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La Fin de l'éternité by Isaac Asimov
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La Fin de l'éternité (original 1955; edition 2002)

by Isaac Asimov

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2,413542,574 (4.02)55
Member:ubermuda
Title:La Fin de l'éternité
Authors:Isaac Asimov
Info:Gallimard (2002), Poche, 352 pages
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The End of Eternity by Isaac Asimov (1955)

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English (45)  Spanish (3)  French (2)  Italian (2)  Russian (1)  German (1)  All languages (54)
Showing 1-5 of 45 (next | show all)
Colonial studies have been part of the curriculum for over two decades at literature faculties on universities across the globe. I wonder how many professors and scholars realize lots of science fiction can also be considered as literature that deals with colonialism. There’s the obvious Prime Directive in mainstream culture’s Star Trek. There’s a variant of that in Banks’ Culture novels: how and when to intervene in other – technologically less developed – cultures? There’s Ursula Le Guin. China Miéville explored the theme a bit in Embassytown. And so forth… The fact that lots of SF deals with encountering and engaging with other, alien cultures makes it a perfect genre to explore real world colonial issues.

The End Of Eternity fits into this way of looking at SF as well. It is one of Asimov’s stand-alone novels, and is considered among his best by many. The protagonist is Andrew Harland, one of the few who live in Eternity, a location outside place and time, where “Eternals” enact “Reality Changes”, small, calculated shifts in the course of history made for the benefit of humankind. Though each Change is made for the greater good, there are also always costs.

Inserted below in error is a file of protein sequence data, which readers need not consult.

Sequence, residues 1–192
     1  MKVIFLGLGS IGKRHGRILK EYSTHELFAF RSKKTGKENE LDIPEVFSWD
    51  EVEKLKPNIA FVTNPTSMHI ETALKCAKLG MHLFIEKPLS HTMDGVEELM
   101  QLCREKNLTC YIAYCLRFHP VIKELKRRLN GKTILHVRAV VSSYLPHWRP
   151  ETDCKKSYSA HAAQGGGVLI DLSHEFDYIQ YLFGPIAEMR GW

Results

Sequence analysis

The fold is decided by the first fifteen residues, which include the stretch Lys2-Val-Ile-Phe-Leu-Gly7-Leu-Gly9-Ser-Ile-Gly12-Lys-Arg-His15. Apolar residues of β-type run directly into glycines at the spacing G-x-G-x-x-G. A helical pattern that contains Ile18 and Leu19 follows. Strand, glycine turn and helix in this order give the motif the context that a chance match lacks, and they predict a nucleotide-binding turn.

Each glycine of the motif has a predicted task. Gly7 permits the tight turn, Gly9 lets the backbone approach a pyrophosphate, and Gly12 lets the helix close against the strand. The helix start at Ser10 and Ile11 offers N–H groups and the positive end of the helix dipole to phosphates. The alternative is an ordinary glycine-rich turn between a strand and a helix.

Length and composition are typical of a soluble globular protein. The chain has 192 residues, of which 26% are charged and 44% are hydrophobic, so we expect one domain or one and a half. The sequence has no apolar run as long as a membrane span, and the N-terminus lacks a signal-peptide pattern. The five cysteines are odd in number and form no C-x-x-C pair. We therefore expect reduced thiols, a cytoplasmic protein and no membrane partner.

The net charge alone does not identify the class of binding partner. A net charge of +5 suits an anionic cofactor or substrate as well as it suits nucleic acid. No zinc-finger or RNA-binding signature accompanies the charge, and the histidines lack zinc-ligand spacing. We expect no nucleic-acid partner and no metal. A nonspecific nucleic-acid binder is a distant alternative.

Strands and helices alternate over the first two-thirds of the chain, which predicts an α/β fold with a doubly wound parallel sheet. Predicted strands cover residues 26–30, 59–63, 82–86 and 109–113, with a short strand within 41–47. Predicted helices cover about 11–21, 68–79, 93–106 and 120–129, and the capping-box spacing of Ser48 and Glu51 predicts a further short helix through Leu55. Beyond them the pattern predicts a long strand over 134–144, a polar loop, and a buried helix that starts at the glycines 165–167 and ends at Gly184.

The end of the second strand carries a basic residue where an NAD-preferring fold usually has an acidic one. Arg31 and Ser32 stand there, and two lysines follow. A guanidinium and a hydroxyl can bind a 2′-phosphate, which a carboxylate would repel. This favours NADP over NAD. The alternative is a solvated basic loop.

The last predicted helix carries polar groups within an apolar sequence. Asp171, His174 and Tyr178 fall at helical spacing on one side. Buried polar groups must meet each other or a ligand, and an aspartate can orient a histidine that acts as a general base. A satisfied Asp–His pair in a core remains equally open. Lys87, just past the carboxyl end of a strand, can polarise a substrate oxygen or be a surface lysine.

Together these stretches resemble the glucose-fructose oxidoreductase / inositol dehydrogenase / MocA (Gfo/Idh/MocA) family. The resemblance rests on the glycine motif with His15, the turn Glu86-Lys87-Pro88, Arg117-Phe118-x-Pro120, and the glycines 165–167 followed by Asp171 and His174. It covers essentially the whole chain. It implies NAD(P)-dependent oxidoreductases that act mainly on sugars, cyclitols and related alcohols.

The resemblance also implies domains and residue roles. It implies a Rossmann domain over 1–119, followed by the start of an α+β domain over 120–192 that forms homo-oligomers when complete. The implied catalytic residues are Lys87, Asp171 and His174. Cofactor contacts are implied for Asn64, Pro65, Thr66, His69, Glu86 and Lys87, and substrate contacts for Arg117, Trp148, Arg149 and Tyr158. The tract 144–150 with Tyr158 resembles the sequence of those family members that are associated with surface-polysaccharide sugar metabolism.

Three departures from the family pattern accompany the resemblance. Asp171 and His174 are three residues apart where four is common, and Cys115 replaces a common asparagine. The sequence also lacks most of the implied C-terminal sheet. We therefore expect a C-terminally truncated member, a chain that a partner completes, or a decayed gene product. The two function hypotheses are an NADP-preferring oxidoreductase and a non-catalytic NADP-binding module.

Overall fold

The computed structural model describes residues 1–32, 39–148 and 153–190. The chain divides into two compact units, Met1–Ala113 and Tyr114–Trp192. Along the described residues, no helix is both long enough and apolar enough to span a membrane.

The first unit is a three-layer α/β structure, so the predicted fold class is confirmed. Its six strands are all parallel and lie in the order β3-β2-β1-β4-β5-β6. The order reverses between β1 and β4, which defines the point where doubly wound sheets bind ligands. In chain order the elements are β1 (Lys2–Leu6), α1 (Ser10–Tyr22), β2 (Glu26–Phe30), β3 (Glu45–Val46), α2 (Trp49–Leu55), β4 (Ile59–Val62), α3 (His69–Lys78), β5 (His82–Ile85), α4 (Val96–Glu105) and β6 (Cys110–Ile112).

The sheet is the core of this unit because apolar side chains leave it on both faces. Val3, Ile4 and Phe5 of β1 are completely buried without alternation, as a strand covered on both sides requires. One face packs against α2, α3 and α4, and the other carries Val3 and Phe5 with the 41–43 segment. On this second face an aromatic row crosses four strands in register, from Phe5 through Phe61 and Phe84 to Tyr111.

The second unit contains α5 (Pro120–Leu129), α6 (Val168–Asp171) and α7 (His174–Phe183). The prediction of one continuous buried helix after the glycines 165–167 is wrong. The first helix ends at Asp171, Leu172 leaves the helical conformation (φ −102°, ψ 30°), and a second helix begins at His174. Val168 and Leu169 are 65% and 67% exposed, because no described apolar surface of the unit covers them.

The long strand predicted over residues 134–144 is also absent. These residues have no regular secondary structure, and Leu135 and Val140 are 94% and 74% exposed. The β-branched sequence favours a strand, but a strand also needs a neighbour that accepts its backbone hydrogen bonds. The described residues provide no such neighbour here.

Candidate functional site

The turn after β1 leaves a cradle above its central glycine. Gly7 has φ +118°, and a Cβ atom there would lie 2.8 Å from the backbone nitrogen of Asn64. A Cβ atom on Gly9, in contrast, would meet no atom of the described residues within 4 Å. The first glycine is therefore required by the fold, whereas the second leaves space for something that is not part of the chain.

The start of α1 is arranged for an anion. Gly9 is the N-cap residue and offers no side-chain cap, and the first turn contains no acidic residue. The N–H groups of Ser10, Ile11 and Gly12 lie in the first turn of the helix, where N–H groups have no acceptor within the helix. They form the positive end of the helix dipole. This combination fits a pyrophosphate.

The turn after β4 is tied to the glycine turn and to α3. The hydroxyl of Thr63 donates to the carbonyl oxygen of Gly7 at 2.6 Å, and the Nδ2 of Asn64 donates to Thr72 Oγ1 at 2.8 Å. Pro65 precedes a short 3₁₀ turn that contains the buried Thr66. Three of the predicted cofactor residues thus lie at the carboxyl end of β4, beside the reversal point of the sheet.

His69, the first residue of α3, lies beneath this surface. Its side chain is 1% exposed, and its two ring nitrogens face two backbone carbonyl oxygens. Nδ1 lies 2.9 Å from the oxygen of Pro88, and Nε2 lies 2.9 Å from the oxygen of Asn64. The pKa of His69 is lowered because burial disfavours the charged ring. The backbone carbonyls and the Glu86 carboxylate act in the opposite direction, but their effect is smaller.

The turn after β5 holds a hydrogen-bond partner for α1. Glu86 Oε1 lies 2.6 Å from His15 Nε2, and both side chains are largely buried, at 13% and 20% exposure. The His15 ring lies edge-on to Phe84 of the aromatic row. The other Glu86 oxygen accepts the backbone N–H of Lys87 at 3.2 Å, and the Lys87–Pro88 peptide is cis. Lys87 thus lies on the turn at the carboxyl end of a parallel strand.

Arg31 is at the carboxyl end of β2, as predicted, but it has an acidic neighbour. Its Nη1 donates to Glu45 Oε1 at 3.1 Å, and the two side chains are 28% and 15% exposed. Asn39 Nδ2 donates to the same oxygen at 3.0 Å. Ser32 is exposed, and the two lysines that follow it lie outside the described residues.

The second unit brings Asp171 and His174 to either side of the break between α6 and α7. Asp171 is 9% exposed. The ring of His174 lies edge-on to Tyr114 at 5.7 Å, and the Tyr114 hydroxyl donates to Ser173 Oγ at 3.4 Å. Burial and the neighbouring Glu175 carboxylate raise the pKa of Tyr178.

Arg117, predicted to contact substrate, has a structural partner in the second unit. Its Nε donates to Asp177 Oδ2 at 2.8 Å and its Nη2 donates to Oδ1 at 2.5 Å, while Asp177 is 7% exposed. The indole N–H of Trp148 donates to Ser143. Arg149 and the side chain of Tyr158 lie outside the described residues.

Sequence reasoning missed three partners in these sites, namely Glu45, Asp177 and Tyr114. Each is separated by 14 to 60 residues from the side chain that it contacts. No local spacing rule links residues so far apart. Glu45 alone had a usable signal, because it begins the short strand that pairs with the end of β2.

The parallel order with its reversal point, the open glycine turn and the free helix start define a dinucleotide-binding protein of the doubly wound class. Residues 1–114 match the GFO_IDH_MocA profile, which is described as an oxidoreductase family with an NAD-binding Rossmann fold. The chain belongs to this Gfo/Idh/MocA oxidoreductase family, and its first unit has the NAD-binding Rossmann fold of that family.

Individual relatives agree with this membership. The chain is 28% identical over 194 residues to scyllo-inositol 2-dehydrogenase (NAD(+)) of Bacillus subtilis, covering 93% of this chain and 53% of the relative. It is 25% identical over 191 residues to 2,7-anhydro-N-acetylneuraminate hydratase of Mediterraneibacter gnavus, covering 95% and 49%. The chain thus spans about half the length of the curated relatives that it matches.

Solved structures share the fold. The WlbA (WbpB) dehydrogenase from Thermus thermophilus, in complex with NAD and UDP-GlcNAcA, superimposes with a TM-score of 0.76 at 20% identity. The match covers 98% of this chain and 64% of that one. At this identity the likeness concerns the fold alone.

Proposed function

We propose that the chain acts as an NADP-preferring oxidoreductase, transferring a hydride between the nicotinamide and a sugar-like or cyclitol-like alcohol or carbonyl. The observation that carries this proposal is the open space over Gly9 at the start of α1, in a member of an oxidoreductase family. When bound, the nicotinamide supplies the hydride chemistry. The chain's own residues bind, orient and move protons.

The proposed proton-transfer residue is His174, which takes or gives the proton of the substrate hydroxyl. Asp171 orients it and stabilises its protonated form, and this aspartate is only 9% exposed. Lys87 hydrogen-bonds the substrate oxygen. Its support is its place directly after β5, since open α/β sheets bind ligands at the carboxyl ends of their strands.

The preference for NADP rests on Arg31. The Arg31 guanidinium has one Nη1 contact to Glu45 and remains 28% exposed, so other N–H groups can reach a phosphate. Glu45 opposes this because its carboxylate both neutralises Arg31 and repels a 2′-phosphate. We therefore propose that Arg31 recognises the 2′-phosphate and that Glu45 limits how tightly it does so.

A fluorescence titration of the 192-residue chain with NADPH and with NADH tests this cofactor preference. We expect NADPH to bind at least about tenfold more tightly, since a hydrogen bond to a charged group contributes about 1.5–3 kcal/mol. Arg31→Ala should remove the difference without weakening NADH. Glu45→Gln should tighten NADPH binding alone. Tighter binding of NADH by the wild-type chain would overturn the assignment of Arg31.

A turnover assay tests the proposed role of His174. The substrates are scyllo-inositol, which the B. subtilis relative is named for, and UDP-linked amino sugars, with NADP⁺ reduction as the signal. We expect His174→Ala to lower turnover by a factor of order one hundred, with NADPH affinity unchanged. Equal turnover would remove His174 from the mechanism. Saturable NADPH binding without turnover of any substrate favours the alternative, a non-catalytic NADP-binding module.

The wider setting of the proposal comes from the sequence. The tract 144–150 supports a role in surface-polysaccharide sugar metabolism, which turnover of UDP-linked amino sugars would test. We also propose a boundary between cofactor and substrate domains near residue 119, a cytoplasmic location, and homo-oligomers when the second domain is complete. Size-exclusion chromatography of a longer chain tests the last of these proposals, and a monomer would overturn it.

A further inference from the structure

For those who have read it, 1971’s The Lathe Of Heaven of Le Guin instantly springs to mind. I have written extensively about my view on utilitarianism – an important theme in both books – in Lathe's review, so I will not repeat those here. Le Guin is more overtly critical on the matter than Asimov, who doesn’t necessarily fault utilitarianism, but instead faults placid, safe, stale thinking, and pleads for ambition, difference, diversity and risk.

“Whom do you mean by ‘we’? Man would not be a world, but a million worlds, a billion worlds. We would have the infinite in our grasp. Each would have its own stretch of the Centuries, each its own values, a chance to seek happiness after ways of its own in an environment of its own. there are many happinesses, many goods, infinite variety… That is the Basic State of mankind.”

(...)

Please read the full review on Weighing A Pig ( )
1 vote bormgans | Aug 1, 2016 |
time travel ... yay! ( )
  GeetuM | Jun 3, 2016 |
time travel ... yay! ( )
  GeetuM | Jun 3, 2016 |